Wrongful death cases in Atlanta are among the most difficult for family members since they must occur so soon after the preventable death of a loved one. According to the National Safety Council (NSC), in 2020 alone, there were nearly 201,000 preventable deaths in the U.S. that largely resulted from careless and reckless behavior.
When a loved one is killed in an accident or after being the target of an intentional act of violence, it is critical to seek advice from an Atlanta wrongful death attorney about the possibility of filing a wrongful death lawsuit. What is a wrongful death claim and how does it work? The following are five key things that you should know about the Georgia Wrongful Death Act and its applicability to claims arising out of preventable deaths in the Atlanta area.
1. Wrongful Death Claims Can Arise Out of Negligence or Intentional Wrongdoing
Under Georgia’s wrongful death law, a wrongful death lawsuit can arise out of negligence or intentional wrongdoing. It may be possible to file a wrongful death lawsuit following a car accident, a truck accident, medical negligence, a slip and fall, a deadly attack involving negligent security, harm caused by a product defect, and more.
All of these are examples of wrongful deaths that may have resulted from negligence, or from another party’s careless or reckless behavior. At the same time, wrongful death lawsuits can also arise from circumstances in which another party intentionally causes harm and ultimately causes the death of a person, such as in situations where an assault with a deadly weapon proves to be fatal.
2. Survival Actions May Be Possible
Wrongful death claims are often paired with survival actions, and it is important to know that it may be possible to file a survival action in conjunction with a wrongful death claim under Georgia law.
What is a Survival Action?
A survival action is a specific type of claim that allows a plaintiff to seek compensation for the deceased’s losses after the injury and prior to death. In some wrongful death cases, the deceased will sustain a life-threatening injury and will survive for a limited period of time before succumbing to those injuries. Survival actions allow a plaintiff to seek compensation for losses during that intervening time — e.g., hospital bills incurred by the deceased, the deceased’s lost wages, and the deceased’s pain and suffering.
3. Multiple Surviving Family Members May Be Eligible to File a Wrongful Death Lawsuit
Under Georgia law, multiple surviving family members can be eligible to file a wrongful death lawsuit based on the circumstances of the case. Although some states only permit the executor of the deceased’s estate to file a wrongful death claim, Georgia law permits certain surviving immediate family members to move forward with a claim. The order in which surviving family members can be eligible to file a wrongful death lawsuit is as follows:
- Deceased’s surviving spouse;
- The deceased’s surviving child or surviving children if there is no surviving spouse;
- Deceased’s surviving parent or surviving parents if there is no surviving spouse or surviving child; or
- Deceased’s executor if none of the above parties exist.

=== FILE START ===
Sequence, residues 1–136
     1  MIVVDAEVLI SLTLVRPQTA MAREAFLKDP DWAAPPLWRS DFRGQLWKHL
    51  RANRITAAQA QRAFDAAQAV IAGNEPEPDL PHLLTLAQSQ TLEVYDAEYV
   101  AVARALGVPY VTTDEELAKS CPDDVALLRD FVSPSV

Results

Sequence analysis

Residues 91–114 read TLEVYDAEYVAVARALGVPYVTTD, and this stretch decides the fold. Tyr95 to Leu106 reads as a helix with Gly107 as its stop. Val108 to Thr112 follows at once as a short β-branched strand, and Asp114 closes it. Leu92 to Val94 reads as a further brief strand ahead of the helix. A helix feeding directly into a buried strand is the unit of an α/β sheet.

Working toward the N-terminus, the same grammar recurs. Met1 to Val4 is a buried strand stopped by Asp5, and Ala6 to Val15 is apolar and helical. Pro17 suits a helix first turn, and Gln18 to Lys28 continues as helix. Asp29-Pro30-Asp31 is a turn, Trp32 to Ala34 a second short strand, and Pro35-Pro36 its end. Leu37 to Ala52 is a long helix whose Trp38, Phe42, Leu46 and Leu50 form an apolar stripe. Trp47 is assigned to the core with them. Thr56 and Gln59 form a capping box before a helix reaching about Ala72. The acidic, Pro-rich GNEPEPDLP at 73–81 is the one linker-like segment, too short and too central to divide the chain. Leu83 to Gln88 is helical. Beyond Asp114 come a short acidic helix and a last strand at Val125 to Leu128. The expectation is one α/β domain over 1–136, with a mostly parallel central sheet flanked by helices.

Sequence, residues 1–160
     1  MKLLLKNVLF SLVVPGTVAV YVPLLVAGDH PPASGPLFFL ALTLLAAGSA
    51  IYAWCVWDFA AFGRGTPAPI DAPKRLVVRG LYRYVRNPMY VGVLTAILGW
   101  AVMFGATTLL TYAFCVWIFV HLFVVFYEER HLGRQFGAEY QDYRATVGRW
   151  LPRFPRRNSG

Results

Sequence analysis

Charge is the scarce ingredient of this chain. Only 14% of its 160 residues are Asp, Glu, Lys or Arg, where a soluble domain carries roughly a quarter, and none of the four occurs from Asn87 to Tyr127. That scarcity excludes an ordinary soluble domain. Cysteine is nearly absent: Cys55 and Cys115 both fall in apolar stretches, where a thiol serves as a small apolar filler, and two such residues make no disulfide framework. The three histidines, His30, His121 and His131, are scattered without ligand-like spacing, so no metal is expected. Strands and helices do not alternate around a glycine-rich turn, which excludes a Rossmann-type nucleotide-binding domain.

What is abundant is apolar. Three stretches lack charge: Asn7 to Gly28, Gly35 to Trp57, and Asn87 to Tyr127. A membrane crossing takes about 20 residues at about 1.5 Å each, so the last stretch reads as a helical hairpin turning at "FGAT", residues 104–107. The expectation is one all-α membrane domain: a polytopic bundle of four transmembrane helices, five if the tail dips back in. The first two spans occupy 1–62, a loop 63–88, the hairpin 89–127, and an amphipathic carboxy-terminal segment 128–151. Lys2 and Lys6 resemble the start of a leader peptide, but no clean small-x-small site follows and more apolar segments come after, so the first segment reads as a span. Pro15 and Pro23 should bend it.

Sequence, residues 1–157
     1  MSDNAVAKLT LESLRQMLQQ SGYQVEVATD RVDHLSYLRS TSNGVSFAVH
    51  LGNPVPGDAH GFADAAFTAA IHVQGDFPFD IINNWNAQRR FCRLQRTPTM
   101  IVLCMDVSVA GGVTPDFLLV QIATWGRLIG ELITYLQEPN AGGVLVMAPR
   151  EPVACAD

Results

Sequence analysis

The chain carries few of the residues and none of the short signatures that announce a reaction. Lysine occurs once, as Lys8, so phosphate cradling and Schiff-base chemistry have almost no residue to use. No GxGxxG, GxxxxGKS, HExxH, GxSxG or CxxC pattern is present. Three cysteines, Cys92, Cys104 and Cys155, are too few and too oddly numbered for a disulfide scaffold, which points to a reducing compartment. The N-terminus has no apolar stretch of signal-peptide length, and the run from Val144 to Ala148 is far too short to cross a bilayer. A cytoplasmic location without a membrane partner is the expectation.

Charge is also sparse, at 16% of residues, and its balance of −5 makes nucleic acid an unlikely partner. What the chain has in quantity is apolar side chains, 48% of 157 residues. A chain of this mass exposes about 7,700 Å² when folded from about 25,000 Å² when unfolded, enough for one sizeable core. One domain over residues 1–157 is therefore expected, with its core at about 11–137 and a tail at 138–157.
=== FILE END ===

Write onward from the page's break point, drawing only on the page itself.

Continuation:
When an executor of the deceased’s estate is the party who files a wrongful death lawsuit, any damages will be for surviving family members of the deceased.
4. Various Types of Damages Can Be Awarded in a Wrongful Death Claim
In a wrongful death claim, a plaintiff can seek both economic and non-economic damages, which are both types of compensatory damages. Examples of those types of damages include:
- Value of the deceased’s lost wages, including future lost wages if the deceased had not suffered a fatal injury;
- Value of the lost benefits and services provided by the deceased;
- Value of the loss of the deceased’s companionship or care; and
- Funeral expenses for the deceased.
5. Statute of Limitations Can Affect a Wrongful Death Lawsuit in Georgia
The statute of limitations can get a bit complicated in a Georgia wrongful death lawsuit. Generally speaking, wrongful death lawsuits in Georgia have a two-year statute of limitations, and the clock starts to tick on the date of the deceased’s death. However, there are some exceptions to that rule.
In cases where the deceased’s death resulted from the criminal act of another party — an intentional act of violence — then the statute of limitations may be paused, or “tolled.” In these cases, the clock will not start to tick until a criminal case against the defendant has concluded. Then, from the date that the criminal case concludes, the plaintiff in a wrongful death lawsuit will have two years to file a wrongful death lawsuit.
The claim nonetheless must be filed within six years from the date of the deceased’s death. The statute of limitations can also be tolled for a period of up to five years when there is a delay with the probate process for the deceased’s estate.
Contact Our Atlanta Wrongful Death Lawyers
Wrongful death lawsuits in Atlanta can be complicated, and it is essential to work with an experienced Atlanta wrongful death lawyer who can assist you with your case. We can provide you with more information about the steps in a wrongful death lawsuit and can give you a clear idea of what to expect. Contact Stewart Miller Simmons Trial Attorneys online or call our firm today at (404) 529-3476.